As pointed out in Cogen v. United States, 278 U.S. 227, 49 S.Ct. 120, supra, cited in the main opinion, the circumstances surrounding each case are to be examined. The court said, "* * * But a motion for the return of property, although connected with a motion to quash a search warrant, may, if made in the same court in which a criminal proceeding is pending, be so closely associated with the criminal proceeding as to be deemed a part of it. Thus, where the motion to quash the search warrant and for return of the property is made by a party to the cause, is filed in the cause and seeks suppression of the evidence at the trial, it is apparent that the motion to quash the search warrant is an incident merely; that the real purpose of the application is to suppress evidence; and that it is but a step in the criminal case preliminary to the trial thereof."

At the time the motion was being heard in the court below the judge who entered the order said:

"I think this is incident to the criminal case and I don't feel that either side should be barred from again offering proof that they may have been denied in this matter. I don't think that the Government should be barred from again taking any other proceeding available to it, to obtain this information. I also think the defendants, by this order, should not be precluded from objecting to the introduction of this testimony at the time of trial. I don't think this should be a final order in this regard, that is, to the extent that the defendant would be precluded from objecting to the testimony at the time of trial. If this order were a final order, it would, of course, be appealable and I am not sure it is appealable, although I have not gone into that thoroughly. In the authorities I have examined, most courts have taken the position that this kind of an order should not be a final order and also take the position that the defendants should not be barred from raising the same objections and let the trial court pass on it at the time of trial, * * *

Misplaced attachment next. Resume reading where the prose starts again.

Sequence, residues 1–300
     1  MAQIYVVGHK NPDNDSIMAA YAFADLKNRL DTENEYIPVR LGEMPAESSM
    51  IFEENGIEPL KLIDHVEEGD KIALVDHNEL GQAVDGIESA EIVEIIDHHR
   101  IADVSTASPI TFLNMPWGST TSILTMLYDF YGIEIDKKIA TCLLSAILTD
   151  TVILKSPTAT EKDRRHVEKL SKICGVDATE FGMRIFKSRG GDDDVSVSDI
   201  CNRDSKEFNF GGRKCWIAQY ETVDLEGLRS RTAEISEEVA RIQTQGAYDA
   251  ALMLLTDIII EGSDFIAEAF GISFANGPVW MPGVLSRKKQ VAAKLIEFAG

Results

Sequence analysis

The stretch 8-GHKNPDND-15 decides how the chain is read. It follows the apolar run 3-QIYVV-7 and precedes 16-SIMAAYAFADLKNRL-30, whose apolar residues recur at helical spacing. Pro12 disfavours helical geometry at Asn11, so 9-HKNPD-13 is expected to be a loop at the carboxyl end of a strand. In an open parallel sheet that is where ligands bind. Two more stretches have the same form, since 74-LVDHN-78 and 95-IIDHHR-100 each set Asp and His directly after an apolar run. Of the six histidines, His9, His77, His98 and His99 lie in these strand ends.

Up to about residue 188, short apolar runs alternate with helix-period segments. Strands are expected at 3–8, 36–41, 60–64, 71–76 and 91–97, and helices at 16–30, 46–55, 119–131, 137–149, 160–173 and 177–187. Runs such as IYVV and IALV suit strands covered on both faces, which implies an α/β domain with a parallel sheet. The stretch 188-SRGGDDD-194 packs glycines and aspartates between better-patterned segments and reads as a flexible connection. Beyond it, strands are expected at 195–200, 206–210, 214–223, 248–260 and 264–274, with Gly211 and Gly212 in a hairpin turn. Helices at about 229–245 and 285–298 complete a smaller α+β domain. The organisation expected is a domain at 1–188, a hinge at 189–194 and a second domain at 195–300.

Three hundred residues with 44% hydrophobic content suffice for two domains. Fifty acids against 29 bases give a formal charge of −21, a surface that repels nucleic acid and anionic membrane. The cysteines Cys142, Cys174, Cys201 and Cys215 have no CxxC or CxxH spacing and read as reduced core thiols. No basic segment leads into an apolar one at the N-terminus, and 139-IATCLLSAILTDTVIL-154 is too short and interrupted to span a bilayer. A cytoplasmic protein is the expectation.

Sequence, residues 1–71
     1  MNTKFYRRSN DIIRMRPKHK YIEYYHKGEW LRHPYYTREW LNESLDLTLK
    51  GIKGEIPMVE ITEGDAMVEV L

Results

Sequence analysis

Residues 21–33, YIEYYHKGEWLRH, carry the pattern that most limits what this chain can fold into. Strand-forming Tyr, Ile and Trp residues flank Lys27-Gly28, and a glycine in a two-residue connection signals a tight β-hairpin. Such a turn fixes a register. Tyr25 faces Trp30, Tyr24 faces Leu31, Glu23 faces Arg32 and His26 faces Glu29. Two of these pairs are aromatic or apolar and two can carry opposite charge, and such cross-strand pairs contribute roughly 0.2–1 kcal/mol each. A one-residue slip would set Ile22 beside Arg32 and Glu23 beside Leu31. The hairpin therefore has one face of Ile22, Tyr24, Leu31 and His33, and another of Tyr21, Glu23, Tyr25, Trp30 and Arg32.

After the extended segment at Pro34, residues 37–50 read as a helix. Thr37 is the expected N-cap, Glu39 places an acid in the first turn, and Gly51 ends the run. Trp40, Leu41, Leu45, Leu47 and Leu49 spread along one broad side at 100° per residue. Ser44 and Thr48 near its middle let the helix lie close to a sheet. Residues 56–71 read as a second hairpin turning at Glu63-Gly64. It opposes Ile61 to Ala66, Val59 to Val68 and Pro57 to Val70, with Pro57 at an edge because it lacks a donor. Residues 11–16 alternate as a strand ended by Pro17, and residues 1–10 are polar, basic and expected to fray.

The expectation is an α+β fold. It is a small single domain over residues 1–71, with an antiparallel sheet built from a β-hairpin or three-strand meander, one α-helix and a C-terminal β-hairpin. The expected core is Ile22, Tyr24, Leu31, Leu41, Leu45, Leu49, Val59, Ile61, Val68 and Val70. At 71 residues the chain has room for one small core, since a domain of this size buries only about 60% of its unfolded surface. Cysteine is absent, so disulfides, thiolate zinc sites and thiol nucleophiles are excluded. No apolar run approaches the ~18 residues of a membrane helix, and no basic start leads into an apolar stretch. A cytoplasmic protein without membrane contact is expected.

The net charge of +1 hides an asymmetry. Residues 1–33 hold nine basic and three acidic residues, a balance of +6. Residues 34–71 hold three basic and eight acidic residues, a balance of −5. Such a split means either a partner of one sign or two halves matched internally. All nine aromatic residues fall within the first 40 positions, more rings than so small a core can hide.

"In this case we have a distinction from most the cases in that a criminal action was started and your petition is entitled in the criminal cause and it is brought as a criminal case with the same parties plaintiff and defendant, it seems to the court that it is incidental to the criminal case itself. * * *"

Thus, in view of the circumstances surrounding this case as revealed by the documents and exhibits on file herein and particularly in the light of the language quoted above it seems to me as the lower court implies the order was not intended to be final and is not appealable. The motion to dismiss the appeal should be granted.